News briefs

Bush readies cybersecurity plan

White House officials plan to unveil the long-awaited national strategy to protect cyberspace. Richard Clarke, special adviser to the president for cyberspace security, will release the report Sept. 18. It is a companion piece to President Bush's National Strategy for Homeland Security, which was issued in July.

Some anticipated provisions of the strategy include extending a federal scholarship-for-service program to the state level; integrating the cybersecurity needs of government, industry, academia and the public; and establishing an official cybersecurity operations center.

DOD seeks homeland post

Defense Department Secretary Donald Rumsfeld sent a letter last week to Sen. Carl Levin (D-Mich.), chairman of the Armed Services Committee, requesting congressional approval to create a position of assistant secretary of Defense for homeland defense.

According to Rosanne Hynes, technical director in DOD's Office of the Special Assistant for Homeland Security, "This is something that has been discussed for quite some time," and the Bush administration has talked to lawmakers about it. Hynes spoke at the Homeland Security and National Defense Symposium in Atlantic City, N.J.

TRW tapped for CDC work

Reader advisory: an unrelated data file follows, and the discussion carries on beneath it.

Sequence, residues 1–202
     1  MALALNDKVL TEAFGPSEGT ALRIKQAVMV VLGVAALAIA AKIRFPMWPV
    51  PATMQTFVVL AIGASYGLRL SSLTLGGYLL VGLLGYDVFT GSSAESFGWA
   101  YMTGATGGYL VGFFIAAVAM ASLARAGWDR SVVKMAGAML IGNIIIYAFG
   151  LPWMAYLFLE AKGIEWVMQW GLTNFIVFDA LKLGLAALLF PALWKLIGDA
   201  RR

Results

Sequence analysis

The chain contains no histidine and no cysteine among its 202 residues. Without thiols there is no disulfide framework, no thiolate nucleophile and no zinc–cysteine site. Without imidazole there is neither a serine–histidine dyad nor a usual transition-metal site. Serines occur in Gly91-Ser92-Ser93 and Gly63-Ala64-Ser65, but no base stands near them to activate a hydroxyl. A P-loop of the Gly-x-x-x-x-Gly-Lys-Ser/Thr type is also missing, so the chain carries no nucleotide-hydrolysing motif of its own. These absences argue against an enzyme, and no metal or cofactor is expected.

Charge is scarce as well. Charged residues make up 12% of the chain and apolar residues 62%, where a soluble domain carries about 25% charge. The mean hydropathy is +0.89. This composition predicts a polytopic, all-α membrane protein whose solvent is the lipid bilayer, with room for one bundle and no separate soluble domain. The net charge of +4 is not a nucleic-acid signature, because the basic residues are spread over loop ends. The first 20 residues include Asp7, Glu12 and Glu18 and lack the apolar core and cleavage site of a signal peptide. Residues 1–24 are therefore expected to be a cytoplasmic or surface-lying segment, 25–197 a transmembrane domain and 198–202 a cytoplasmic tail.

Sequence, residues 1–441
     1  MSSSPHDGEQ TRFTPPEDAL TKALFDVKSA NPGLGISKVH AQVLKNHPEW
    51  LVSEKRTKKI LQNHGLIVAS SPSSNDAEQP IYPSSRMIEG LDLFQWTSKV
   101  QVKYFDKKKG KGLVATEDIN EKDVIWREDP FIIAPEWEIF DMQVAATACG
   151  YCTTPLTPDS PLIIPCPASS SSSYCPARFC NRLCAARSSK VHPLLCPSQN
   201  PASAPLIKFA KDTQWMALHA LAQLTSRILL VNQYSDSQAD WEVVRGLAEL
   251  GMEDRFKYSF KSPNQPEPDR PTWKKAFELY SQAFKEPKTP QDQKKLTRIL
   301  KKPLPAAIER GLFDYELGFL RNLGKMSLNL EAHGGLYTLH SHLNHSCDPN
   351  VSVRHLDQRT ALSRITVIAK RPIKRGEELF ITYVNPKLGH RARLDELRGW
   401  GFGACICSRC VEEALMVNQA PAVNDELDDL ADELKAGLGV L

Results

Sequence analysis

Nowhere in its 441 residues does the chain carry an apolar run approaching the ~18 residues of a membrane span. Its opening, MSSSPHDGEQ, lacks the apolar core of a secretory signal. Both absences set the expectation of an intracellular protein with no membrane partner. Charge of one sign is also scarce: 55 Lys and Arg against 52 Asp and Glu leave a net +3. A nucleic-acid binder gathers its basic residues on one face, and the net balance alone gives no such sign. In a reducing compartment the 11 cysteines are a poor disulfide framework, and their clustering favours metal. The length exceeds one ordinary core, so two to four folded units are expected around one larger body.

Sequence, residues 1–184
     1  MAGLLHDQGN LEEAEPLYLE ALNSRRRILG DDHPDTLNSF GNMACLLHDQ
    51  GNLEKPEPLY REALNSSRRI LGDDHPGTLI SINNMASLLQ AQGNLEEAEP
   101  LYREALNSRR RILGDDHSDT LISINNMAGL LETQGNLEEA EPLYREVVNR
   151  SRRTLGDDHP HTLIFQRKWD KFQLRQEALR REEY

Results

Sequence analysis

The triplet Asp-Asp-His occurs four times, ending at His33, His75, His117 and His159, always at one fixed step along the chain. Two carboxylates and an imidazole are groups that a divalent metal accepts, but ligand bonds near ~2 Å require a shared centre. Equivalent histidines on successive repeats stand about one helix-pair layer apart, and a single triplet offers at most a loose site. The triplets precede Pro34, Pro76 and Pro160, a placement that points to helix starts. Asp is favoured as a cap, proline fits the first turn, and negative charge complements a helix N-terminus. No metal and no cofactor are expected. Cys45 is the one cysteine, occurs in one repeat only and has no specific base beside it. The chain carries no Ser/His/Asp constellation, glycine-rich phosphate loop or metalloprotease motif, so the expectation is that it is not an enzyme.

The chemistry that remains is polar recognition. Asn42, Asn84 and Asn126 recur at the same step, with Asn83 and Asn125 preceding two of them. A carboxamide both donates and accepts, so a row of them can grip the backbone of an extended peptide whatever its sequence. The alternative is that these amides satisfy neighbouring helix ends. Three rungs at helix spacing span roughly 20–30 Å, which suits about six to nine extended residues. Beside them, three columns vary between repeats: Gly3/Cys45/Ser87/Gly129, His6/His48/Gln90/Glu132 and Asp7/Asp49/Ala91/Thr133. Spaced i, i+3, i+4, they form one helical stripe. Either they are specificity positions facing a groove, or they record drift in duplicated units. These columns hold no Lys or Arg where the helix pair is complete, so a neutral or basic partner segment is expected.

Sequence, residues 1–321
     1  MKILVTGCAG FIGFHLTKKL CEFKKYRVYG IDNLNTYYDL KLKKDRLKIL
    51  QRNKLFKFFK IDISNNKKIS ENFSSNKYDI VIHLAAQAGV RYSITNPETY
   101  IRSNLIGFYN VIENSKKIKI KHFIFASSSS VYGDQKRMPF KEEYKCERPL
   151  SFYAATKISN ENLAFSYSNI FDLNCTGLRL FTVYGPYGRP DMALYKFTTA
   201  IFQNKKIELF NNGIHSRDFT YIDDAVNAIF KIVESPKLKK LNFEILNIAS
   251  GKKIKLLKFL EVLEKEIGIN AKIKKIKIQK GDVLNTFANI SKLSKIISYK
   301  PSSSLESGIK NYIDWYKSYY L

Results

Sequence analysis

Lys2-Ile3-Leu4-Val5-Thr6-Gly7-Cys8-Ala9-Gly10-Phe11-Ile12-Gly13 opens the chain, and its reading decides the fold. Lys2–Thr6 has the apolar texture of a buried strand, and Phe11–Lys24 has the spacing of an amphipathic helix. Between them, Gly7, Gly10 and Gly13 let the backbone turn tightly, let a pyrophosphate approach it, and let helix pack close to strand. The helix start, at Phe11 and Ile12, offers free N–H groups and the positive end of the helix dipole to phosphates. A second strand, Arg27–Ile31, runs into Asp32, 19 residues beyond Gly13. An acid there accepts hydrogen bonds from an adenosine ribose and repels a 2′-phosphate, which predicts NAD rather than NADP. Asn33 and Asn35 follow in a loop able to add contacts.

The Centers for Disease Control and Prevention has awarded a $511 million, seven-year contract to TRW Inc. to develop information systems that can be used in evaluating public health threats, including terrorist attacks.

Under this contract, effective Sept. 1, TRW will also contribute to the formation of a public health information network — a secure information system through which public health organizations can share information, data and alerts about health threats.

Featured

  • Defense
    Ryan D. McCarthy being sworn in as Army Secretary Oct. 10, 2019. (Photo credit: Sgt. Dana Clarke/U.S. Army)

    Army wants to spend nearly $1B on cloud, data by 2025

    Army Secretary Ryan McCarthy said lack of funding or a potential delay in the JEDI cloud bid "strikes to the heart of our concern."

  • Congress
    Rep. Jim Langevin (D-R.I.) at the Hack the Capitol conference Sept. 20, 2018

    Jim Langevin's view from the Hill

    As chairman of of the Intelligence and Emerging Threats and Capabilities subcommittee of the House Armed Services Committe and a member of the House Homeland Security Committee, Rhode Island Democrat Jim Langevin is one of the most influential voices on cybersecurity in Congress.

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